Lyla Louderbaugh: “I had a lot of confidence going into the final round.”
Kuhle said the long putts that dropped and the killer instinct showed by her team in the final round was an indication that all of the Jayhawks were confident from start to finish.
She even had a hard time containing her excitement over what she was watching.
Jordan Rothman: “After six holes, watching Coach Kuhle, she was just out there smiling, standing up straight, she was just so stoked. I know Coach Kuhle’s reaction when we’re playing well. She’s smiling, she’ll come up and do our handshake, she’s all over it. So, I think after like six holes, I knew that we could be headed for something special.”
School record, though?
All of them in unison: “No. No.”
So, when did that thought first enter the picture?
Johanna Ebner: “Not until it was over. When I heard we broke another record, I was really, really excited, but, honestly, I was not surprised. Our team is getting better and better, and I just knew we were going to break the record soon.”
Jordan Rothman: “Yeah, you better get on it and write this one quick.”
Lyla Louderbaugh: “I was the first one to finish my round and Coach B whispered into my ear, ‘We just broke the school record.’ And I was like, ‘Nice.’”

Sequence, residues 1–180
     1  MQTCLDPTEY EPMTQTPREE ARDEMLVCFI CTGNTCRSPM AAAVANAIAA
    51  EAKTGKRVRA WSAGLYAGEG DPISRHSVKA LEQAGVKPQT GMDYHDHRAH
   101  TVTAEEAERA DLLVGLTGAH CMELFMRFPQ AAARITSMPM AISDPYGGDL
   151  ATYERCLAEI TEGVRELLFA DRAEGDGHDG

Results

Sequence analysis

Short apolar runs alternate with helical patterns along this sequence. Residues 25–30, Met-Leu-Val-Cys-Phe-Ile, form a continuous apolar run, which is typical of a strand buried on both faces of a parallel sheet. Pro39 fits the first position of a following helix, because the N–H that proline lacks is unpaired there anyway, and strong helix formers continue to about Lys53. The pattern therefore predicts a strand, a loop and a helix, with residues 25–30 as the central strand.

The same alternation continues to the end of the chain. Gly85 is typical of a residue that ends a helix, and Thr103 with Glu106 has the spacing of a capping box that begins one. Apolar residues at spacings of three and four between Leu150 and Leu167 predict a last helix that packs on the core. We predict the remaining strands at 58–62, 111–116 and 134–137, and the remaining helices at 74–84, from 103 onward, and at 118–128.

Associate head coach Stephen Bidne: “I followed Lyla most of the day and I knew. With live scoring, somedays you refresh that page more than others, and it was cool. Every time I refreshed we just jumped up the leaderboard.”
Jordan Rothman: “I jumped on top of her [points to Louderbaugh]. One hundred percent.”
Rothman was the final Jayhawk on the course for the record-breaking day and she said her last hole was pretty stress free.
Tee shot down the middle to play it safe, a 9-iron to the green and an easy two-putt from there for par.
What she did not know until being interviewed for this story was that there was stress looming.
Head coach Lindsay Kuhle: There was some weather that was coming in and they said it was supposed to storm at 1:30 and we didn’t finish until like 2:20. I was kind of a little afraid that the round could be canceled because of how well we were playing. So I was looking a lot at the weather down the stretch.”
KU’s flight out of Albuquerque had already been delayed and Kuhle was starting to worry about their connecting flight home in Houston. But that fear was nothing compared to her concern that if just one golfer on one of the 15 other teams did not finish the round would not have counted.
Head coach Lindsay Kuhle: “It was starting to get darker and even if there were only two holes left but people had to leave because they had to make their flights, that whole round would’ve been canceled. So that was in the back of my mind. I was actually thinking OK we’re playing so well I just hope we can finish.”
Jordan Rothman: “That would’ve been awful.”
Instead, it became historic. And, according to those who were a part of it, this most recent milestone was just the beginning.
Jordan Rothman: “It’s still so early in the season and we’re super-excited about it, but it’s just back to work for the next one. We’re not done. We’re coming for more.”
The Jayhawks’ next chance to improve upon their own individual scores and the team record will come early next week, Sept. 25 and 26, when they travel to Monterey, California, for The Molly Invitational at Bayonet Golf Course.